Related Stories

Tick saliva may hold potential treatment for reducing HIV-linked heart disease risk

August 30, 2017
Scientists may have found a clue to why people living with HIV have double the likelihood of developing heart disease. The findings, made by researchers at the University of Pittsburgh Center for Vaccine Research and National ...

Breakthrough in HIV/AIDS research gives hope for improved drug therapy

May 16, 2014
The first direct proof of a long-suspected cause of multiple HIV-related health complications was recently obtained by a team led by the University of Pittsburgh Center for Vaccine Research (CVR). The finding supports complementary ...

From bug to drug—tick saliva could be key to treating heart disease

June 27, 2017
Proteins found in tick saliva could be used to treat a potentially fatal form of heart disease, according to new Oxford University research.

High-fat diet leads to same intestinal inflammation as a virus

June 22, 2017
A new study by scientists at UCLA found that when mice eat a high-fat diet, the cells in their small intestines respond the same way they do to a viral infection, turning up production of certain immune molecules and causing ...

A tick's spit leads to an entire lesson in blood clotting

July 1, 2013
There really is such a thing as tick spit – that is, the saliva of a tick. And there's something about it that might help fight heart disease and stroke.

AIDS resistance secret may be in blood

February 12, 2007
U.S. scientists say the absence of a specific marker in the blood and tissues of certain monkeys might be part of the key to understanding AIDS resistance.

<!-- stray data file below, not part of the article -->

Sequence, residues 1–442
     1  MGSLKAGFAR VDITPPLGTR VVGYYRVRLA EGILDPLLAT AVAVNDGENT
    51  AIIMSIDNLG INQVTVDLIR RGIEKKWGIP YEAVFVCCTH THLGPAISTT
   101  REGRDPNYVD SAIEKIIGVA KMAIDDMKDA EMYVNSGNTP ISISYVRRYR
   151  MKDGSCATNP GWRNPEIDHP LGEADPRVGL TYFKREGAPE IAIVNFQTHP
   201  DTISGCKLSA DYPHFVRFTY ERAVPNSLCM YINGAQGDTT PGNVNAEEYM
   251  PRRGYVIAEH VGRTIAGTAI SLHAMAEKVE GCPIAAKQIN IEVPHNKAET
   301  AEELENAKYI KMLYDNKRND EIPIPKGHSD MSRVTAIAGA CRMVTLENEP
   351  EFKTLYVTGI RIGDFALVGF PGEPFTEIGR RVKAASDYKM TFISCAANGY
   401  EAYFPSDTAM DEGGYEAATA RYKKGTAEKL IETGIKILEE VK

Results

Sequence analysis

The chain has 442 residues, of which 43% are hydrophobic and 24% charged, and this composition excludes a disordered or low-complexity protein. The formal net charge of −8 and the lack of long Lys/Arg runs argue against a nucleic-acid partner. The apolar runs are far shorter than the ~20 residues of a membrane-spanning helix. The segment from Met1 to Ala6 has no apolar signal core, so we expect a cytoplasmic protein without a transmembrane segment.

Recommended for you

New hope for cystic fibrosis

October 19, 2018
A new triple-combination drug treatment being trialled at the Mater Hospital in Brisbane could increase the life expectancy of patients with cystic fibrosis.

Bug guts shed light on Central America Chagas disease

October 18, 2018
In Central America, Chagas disease, or American trypanosomiasis, is spread by the "kissing bug" Triatoma dimidiata. By collecting DNA from the guts of these bugs, researchers reporting in PLOS Neglected Tropical Diseases ...

Rapid genomic sequencing of Lassa virus in Nigeria enabled real-time response to 2018 outbreak

October 18, 2018
Mounting a collaborative, real-time response to a Lassa fever outbreak in early 2018, doctors and scientists in Nigeria teamed up with researchers at Broad Institute of MIT and Harvard and colleagues to rapidly sequence the ...

Infectious disease consultation significantly reduces mortality of patients with bloodstream yeast infections

October 17, 2018
In a retrospective cohort study conducted at the University of Alabama at Birmingham Division of Infectious Diseases, patients with candidemia—a yeast infection in the bloodstream—had more positive outcomes as they relate ...

How drug resistant TB evolved and spread globally

October 17, 2018
The most common form of Mycobacterium tuberculosis (TB) originated in Europe and spread to Asia, Africa and the Americas with European explorers and colonialists, reveals a new study led by UCL and the Norwegian Institute ...

Marker may help target treatments for Crohn's patients

October 16, 2018
Crohn's disease (CD), a chronic inflammatory condition of the intestinal tract, has emerged as a global disease, with rates steadily increasing over the last 50 years. Experts have long suspected that CD likely represents ...

0 comments

Please sign in to add a comment. Registration is free, and takes less than a minute. Read more

Click here to reset your password.
Sign in to get notified via email when new comments are made.